Pope John XXIII signs the bull convoking the Second Vatican Council Dec. 25, 1961. The council’s four sessions and its 16 landmark documents modernized the Church. CNS photo

Short pontificate left a long legacy

By  Catholic News Service
  • April 25, 2014

VATICAN CITY - A plump, elderly, smiling Italian of peasant origins, Pope John XXIII brought a humble yet charismatic, personal style to the papacy. He placed great importance on his modest upbringing in a village about 40 km northeast of Milan, saying: “I come from the country, from poverty,” adding it was a “happy and blessed poverty — not cursed, not endured.”

He was Pope for not quite five years (1958-63), but made a lasting impact due to Vatican II and important encyclicals, but also due to his warmth, cheerfulness, holiness and sense of humour. He had a wisecracking, tongue-in-cheek, self-deprecating side to his character that won him international admirers, among both Catholics and non-Catholics, and made him known as the Good Pope.

Visiting a hospital he once asked a boy what he wanted to be when he grew up. The boy said either a policeman or a pope. “I would go in for the police if I were you,” the Holy Father said. “Anyone can become a pope — look at me!”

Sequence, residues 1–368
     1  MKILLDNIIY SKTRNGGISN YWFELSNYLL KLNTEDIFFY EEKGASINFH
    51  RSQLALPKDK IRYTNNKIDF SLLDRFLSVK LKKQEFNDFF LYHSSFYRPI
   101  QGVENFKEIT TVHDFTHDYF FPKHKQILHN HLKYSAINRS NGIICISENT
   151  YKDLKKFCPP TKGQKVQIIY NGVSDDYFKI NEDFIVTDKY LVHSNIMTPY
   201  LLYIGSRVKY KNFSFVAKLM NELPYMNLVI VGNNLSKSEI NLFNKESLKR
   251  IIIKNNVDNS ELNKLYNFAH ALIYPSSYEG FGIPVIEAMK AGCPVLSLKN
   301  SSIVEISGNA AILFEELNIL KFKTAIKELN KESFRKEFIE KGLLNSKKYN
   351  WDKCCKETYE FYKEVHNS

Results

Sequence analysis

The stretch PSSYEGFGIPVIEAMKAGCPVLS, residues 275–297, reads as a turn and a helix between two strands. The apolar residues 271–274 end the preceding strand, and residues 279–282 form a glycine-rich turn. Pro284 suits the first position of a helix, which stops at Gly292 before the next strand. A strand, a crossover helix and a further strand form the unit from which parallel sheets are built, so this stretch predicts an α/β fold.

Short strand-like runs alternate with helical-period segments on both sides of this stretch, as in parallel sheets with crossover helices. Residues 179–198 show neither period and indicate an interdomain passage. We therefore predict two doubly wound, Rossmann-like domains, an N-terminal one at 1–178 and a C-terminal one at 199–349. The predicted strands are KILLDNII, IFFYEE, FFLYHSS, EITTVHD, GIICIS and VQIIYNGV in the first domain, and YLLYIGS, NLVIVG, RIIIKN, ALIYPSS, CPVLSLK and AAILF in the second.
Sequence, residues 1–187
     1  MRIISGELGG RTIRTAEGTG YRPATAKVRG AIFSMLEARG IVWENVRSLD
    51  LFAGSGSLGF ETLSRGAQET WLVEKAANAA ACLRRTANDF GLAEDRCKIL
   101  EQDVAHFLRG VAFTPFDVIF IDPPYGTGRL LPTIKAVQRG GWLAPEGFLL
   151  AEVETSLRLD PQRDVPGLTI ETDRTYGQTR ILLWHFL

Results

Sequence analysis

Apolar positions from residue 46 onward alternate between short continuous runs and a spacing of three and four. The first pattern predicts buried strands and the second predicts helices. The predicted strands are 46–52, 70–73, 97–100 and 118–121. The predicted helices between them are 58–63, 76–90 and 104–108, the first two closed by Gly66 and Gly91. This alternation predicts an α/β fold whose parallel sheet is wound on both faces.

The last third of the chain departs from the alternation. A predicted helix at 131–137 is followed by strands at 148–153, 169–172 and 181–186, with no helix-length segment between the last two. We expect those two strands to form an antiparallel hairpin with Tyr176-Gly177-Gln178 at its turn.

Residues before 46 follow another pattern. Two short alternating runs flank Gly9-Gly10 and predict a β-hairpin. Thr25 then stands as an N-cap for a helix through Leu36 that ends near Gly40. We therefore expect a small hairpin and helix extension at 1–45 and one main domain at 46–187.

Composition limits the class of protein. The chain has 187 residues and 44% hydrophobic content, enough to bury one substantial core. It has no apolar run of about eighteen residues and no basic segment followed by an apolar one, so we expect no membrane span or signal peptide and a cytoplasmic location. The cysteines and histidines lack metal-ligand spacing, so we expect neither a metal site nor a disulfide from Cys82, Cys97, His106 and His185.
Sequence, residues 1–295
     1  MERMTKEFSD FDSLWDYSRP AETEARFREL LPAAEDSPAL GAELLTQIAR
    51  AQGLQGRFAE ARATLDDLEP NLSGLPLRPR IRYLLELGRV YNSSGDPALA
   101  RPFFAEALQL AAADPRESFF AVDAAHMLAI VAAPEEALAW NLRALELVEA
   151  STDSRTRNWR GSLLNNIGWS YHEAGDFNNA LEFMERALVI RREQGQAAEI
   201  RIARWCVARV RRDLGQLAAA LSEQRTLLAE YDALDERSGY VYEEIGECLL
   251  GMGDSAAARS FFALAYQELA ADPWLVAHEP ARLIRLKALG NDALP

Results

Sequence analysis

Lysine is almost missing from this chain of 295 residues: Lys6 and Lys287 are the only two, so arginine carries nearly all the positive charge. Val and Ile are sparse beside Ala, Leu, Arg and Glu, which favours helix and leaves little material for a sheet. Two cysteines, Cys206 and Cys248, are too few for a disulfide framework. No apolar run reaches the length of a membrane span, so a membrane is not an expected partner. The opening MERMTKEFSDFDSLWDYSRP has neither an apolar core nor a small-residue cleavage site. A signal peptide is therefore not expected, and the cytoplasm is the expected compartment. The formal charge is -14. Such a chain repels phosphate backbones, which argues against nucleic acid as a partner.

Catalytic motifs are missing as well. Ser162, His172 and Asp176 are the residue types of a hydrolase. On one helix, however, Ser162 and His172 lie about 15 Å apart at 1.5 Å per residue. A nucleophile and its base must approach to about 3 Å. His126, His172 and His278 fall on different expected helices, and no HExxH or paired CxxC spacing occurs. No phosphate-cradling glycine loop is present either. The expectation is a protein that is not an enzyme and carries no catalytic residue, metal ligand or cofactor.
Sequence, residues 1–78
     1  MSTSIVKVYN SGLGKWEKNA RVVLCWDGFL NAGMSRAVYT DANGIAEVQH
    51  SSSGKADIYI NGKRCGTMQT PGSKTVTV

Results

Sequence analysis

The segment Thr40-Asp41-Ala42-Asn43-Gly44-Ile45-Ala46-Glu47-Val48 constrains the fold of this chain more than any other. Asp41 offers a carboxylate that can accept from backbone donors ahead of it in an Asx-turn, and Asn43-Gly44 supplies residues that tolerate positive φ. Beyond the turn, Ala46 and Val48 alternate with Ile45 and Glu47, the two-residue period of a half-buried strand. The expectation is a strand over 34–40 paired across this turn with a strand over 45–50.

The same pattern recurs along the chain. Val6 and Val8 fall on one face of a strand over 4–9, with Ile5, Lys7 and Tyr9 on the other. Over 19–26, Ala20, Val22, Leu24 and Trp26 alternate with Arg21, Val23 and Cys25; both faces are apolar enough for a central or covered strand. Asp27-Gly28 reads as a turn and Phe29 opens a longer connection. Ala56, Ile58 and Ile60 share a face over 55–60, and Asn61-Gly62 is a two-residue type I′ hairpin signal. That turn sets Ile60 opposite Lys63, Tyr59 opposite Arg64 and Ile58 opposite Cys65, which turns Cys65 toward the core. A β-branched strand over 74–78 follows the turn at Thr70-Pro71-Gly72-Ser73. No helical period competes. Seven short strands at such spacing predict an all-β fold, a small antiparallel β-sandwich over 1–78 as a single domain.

Another time, in reply to a reporter who asked, “How many people work in the Vatican?” he said: “About half of them.”

On his simple upbringing, he wrote, “There are three ways to face ruin: women, gambling and farming. My father chose the most boring one.”

But John XXIII was a serious thinker and writer, particularly when it came to social justice issues. He produced eight encyclicals, including two that are historic, Mater et Magistra on Christian social doctrine and his landmark treatise Pacem in Terris.

Issued in 1963 at the height of the Cold War, Pacem in Terris was one of the most important papal encyclicals of the 20th century. Pope John, dying of cancer at the time, urged the world to move beyond a Cold War mentality and forge lasting peace and promote the common good through the creation of societies based on truth, charity, justice and human rights. He called for an end to the arms race and a ban on nuclear weapons.

The encyclical found an international audience. It was praised at the United Nations, published by both the Soviet news agency Tass and by The New York Times, and Pope John was lauded by the Washington Post as “the conscience of the world.” Time magazine named him Man of the Year.

With his humility, gentleness and active courage, John XXII constantly reached out to the marginalized, visiting the imprisoned and the sick and welcoming people from every nation and faith. He visited many parishes in Rome, especially in the city’s growing suburbs. His contact with the people and his open display of personal warmth, sensitivity and fatherly kindness earned him the nickname the Good Pope.

He was also committed to the cause of Christian unity. As a Vatican diplomat his work in Bulgaria and Turkey put the future Pope in close contact with many Christians who were not in full communion with the Catholic Church. This inspired him as Pope to try to rebuild the unified Church that had been lost over the centuries. In 1960 he created the Vatican’s office for promoting Christian unity.